Review by Randy Shulman
Rating: (5 out of 5)
Sunday, 10/15/2006, 9:00 PM
Shorts presentation, $9 at Lincoln Theatre
AS ALWAYS, A dependable collection of shorts from all stripes. Delerious Jen ( ) stars Jen Manley (Catch Me If You Can) as a socially-arrested girl who decides her life would be best spent as a ”hag fag.” Entering her first gay party with a platter filled with little white cups, she blares, ”Hello, boys, I brought cumshots,” explaining that she got them from the homeless. It’s that kind of film. And it’s pretty darn funny. Directed by Angus Oblong, creator of the animated hit The Oblongs, the movie feels like a 13-minute SNL skit (when SNL was good, back in the ’70s). It’s simultaneously offensive and innocent — quite an achievement.
Seeing You in Circles ( ) employs a sophisticated narrative structure and lush visuals to tell the tale of two ex-boyfriends who return to their favorite diner with a third wheel in tow. Bleak and morose, it fizzles at the end, uncertain of how to resolve its three-way situation. About the only thing it reveals is that a Don Pedro is a chocolate milkshake with a shot of whisky in it. Yummy.
Hung ( ) is a nutty little treasure from Guinevere Turner (Go Fish). Five lesbians take a serum that allows them to grow a penis for a day. After comparing to see who has the largest, they go off in search of, you guessed it, sex. Well, at least four of them do. One is so infatuated with free-standing peeing that she spends the day drinking bottled water and relieving herself on trees. A cute, slick little flick.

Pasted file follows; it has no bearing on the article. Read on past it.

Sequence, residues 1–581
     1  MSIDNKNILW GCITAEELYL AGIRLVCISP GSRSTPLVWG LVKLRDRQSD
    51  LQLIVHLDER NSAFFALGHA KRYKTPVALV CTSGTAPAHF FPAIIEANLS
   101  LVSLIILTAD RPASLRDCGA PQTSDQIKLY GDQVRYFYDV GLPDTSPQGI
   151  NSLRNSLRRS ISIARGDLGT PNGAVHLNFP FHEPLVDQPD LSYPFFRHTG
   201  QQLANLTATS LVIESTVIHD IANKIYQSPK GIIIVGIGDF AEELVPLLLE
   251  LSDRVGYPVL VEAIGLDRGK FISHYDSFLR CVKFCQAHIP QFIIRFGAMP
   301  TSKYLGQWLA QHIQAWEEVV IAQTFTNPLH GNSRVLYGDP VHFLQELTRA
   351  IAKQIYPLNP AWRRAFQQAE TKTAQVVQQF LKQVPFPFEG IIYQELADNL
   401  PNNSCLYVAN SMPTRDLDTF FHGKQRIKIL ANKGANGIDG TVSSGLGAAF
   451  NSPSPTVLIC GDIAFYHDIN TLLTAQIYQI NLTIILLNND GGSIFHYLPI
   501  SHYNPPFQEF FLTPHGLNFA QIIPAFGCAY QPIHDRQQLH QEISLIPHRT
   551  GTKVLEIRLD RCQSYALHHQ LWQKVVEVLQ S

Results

Any of you old enough to remember The Groove Tube? Recall the portion where an upside-down penis, with fake ”doll’s eyes” instructed you on the hazards of V.D.? Well, Trannymal is sort of like that — but without any of the humor. Looking at the little vag-penis combo, outfitted with eyeballs and green hair, perform tricks is a little freaky. At least it’s over in under two minutes.
Mockingbird ( ) is the entrancing story of a girl and her drag-queen father, who succumbs to AIDS. Brightly colored and a little on the surreal side, it finds potency in the performances of Eliza Darby and William Houston. Joe Tunmer’s film almost singlehandedly revives your faith in the ability of a short film to sweep you into another world and knock you to the ground with an emotional whollop.
Also in this collection, My Cat’s Balls ( ) and Summer ( ) both of which are reviewed in other collections. — RS
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